Mauricio Pochettino admitted he would love a future return to Tottenham, but how have other managers fared when returning to their former clubs?
When Mauricio Pochettino declared that he would love to return to Tottenham one day, he put himself firmly within a long tradition of managers going back to clubs where they had formerly had success.
“From the day I left the club, my dream is to be back one day and to try to finish the work we didn’t finish,” the Argentine mused.
“We were so close to winning the Premier League and Champions League, but of course I am looking forward to moving on and I am so motivated for the next project.
“But deep inside I want to go back because the fans are so special. Maybe in five years, maybe in 10 years, but before I die I want to manage Tottenham.
“I want to feel what it means to win one title with Tottenham because the fans are amazing, all the love we received was amazing and that is a good opportunity to pay back all the love they showed us from day one.”
Pochettino fulled the fires when he was present, in full Spurs garb, for his son Maurizio’s new contract signing last week.
So, could he return and what has happened when other managers have returned to their old stamping grounds?
Zinedine Zidane, Real Madrid
Zizou first took the reins at Real in January 2016, and promptly won the Champions League three times on the spin.
His team also picked up the Super Cup twice, the Club World Cup twice, one Liga title, and the Supercopa. It was no surprise that he was named Best FIFA Men’s Coach in 2017 – but he resigned in May 2018. He couldn’t stay away for too long, though, and resumed the job in March 2019.
Harry Redknapp, Portsmouth
Now well-known to non-football fans for his victory in the I’m A Celebrity jungle, Redknapp led Portsmouth to promotion to the Premier League in 2003, but left the club a year later after a falling-out with chairman Milan Mandaric.
They managed to get over their differences, though, and Redknapp returned in 2005 for a three-year spell in which his team won the FA Cup.
David Pleat, Luton Town
Pleat’s playing career was a short one, so he was very young – just 33 – when he took on his first managerial role, at Luton Town.
He guided them to the top flight in 1982 and kept them there – avoiding relegation on the last day of the season in 1983, triggering that famous jig across the Maine Road pitch in his beige suit.
He left Kenilworth Road for Tottenham in 1986 – but was reappointed in the summer of 1991.
Pleat could not keep Luton in the top tier this time, and they were relegated at the end of that season, meaning they missed out on being founder members of the Premier League. His biggest achievement in that second spell was an FA Cup semi-final at Wembley in 1994, where the Hatters lost to Chelsea. Pleat moved on to Sheffield Wednesday a year later.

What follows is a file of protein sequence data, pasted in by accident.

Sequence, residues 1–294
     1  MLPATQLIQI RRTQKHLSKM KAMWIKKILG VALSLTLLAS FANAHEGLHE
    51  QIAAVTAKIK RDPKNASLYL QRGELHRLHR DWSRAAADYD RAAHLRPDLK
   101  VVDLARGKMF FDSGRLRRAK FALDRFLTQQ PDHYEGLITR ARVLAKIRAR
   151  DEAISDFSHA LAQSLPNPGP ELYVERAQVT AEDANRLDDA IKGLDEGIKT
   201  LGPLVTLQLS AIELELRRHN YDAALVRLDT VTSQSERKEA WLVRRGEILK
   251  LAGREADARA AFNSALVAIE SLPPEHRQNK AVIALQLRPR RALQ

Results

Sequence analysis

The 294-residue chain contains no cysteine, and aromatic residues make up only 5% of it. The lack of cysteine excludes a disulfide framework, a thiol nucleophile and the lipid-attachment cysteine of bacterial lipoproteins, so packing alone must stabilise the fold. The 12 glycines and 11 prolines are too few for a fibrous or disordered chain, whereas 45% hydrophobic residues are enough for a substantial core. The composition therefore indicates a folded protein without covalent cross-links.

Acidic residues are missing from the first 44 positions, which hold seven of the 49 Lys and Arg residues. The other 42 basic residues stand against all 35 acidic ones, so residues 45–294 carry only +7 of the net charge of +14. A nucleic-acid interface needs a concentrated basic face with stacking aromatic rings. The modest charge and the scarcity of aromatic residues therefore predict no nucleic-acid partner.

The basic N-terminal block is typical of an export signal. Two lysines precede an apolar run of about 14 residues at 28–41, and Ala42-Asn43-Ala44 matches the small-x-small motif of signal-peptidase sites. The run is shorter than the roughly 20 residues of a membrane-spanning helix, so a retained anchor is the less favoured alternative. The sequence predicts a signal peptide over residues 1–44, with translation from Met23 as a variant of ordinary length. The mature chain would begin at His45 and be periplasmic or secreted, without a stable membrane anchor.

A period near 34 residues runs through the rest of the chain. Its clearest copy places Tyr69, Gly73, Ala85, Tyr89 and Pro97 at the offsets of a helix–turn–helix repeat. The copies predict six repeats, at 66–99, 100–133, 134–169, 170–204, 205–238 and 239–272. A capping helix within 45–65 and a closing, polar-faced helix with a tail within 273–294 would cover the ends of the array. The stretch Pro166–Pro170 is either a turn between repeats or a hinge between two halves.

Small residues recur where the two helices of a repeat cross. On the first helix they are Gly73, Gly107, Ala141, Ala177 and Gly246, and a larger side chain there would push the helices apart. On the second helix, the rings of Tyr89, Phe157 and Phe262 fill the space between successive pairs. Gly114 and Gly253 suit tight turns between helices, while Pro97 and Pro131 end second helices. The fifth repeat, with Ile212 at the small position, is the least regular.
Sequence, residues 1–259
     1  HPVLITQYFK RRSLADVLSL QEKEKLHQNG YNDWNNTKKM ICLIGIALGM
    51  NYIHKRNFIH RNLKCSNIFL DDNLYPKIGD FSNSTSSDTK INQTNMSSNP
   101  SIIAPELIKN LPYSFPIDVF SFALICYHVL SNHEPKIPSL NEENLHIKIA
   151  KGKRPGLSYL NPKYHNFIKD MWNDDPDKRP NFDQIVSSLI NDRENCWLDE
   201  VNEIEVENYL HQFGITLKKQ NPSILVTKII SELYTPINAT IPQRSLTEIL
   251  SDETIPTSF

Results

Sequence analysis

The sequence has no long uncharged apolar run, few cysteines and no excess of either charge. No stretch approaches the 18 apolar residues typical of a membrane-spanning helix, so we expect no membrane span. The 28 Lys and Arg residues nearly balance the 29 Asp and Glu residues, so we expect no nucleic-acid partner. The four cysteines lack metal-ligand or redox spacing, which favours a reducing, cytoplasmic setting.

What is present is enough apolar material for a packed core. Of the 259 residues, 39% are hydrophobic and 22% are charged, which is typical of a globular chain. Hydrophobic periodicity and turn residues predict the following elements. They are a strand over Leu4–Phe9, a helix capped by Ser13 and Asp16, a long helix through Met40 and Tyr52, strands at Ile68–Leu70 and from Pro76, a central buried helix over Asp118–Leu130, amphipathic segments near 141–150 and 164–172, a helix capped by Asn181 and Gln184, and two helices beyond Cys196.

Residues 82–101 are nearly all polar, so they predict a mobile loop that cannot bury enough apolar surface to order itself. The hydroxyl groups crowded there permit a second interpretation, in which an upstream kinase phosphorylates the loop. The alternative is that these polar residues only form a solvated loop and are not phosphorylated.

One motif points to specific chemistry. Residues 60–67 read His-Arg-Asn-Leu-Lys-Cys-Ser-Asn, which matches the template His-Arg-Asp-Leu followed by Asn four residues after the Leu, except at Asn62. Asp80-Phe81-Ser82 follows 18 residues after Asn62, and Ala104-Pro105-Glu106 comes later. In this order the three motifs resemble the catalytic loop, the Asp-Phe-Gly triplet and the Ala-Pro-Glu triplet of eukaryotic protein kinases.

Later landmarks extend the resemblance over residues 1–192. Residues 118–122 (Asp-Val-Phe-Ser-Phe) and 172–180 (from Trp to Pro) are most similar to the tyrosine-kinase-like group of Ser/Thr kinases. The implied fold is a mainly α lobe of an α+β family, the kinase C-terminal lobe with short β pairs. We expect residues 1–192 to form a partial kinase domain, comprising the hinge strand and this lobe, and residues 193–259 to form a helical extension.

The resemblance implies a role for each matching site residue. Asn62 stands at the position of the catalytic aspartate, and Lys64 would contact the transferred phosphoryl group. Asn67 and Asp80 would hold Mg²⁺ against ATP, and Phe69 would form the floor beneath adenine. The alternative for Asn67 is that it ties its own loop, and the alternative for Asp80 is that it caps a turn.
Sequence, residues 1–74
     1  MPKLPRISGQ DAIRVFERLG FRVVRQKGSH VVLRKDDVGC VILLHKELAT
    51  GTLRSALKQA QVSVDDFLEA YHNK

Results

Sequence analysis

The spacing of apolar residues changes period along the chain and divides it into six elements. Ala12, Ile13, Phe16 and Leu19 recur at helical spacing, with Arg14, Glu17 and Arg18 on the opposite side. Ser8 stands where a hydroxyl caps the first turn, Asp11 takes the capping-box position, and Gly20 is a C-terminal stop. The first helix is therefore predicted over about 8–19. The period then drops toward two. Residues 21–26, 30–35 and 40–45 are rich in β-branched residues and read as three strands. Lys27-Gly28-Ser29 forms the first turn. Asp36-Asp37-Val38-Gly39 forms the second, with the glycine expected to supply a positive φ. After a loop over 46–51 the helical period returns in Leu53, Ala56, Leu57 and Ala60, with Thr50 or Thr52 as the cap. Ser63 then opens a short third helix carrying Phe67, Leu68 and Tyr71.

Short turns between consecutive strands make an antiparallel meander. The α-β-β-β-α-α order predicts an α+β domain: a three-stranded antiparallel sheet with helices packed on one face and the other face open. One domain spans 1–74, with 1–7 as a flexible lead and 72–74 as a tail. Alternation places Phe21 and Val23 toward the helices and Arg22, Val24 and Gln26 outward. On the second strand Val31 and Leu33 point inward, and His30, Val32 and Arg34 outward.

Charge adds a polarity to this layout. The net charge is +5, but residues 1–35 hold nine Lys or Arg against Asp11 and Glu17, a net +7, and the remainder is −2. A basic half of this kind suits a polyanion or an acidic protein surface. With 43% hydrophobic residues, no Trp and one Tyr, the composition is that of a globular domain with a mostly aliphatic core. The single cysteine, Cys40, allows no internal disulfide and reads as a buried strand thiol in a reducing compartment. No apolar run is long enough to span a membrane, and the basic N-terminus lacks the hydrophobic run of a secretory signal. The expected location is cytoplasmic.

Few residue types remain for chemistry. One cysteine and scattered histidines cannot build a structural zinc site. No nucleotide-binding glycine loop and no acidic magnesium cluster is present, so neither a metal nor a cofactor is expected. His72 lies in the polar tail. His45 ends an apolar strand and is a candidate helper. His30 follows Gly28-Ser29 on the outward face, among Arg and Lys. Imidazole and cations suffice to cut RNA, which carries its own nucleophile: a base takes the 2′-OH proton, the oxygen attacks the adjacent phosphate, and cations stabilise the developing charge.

Jose Mourinho, Chelsea
Mourinho is a crucial part of the history of Roman Abramovich’s Chelsea, taking the manager’s job in 2004, and winning two league titles on the bounce. During a disappointing 2007, he swung the lead a little too far, daring Abramovich to let him go – and he did.
But he returned five years later, winning the Premier League and League Cup in 2013-14.
But on 17 December 2015, with Chelsea sitting in 16th place and a point above relegation, Mourinho was relieved of his duties once more.
Kenny Dalglish, Liverpool
The Reds legend started his managerial career as player-coach, winning the double in his first season with Liverpool in 1985, and winning the First Division title twice more in 1988 and 1990, plus another FA Cup and four Charity Shields.
Dalglish resigned in 1991, but returned to the hotseat as interim manager 20 years later, then taking the job permanently in May 2011 on a three-year contract. He won only the League Cup with that squad, losing his job at the end of the 2011-12 season.
Kevin Keegan, Newcastle United
Keegan’s first stint as Newcastle manager was a highly memorable one – he took the job in 1992, keeping them in the First Division, and got them promoted to the Premier League the following season.
The Magpies hit the ground running, finishing third in 1993-94 and securing UEFA Cup qualification, and led the Premier League table for most of 1995-96 – but ended up finishing second.
Keegan resigned from the job in January 1997, leaving with immediate effect although he had initially wanted to stay on until the end of the season.
After short reigns at Fulham, Manchester City and the England national side, he had been out of football for almost three years when he returned to Newcastle United for a second spell as manager in January 2008.
His return was a short one, though, only eight months long, with Keegan resigning after claiming the club directors had not given him enough financial support to create a team that could challenge for the title.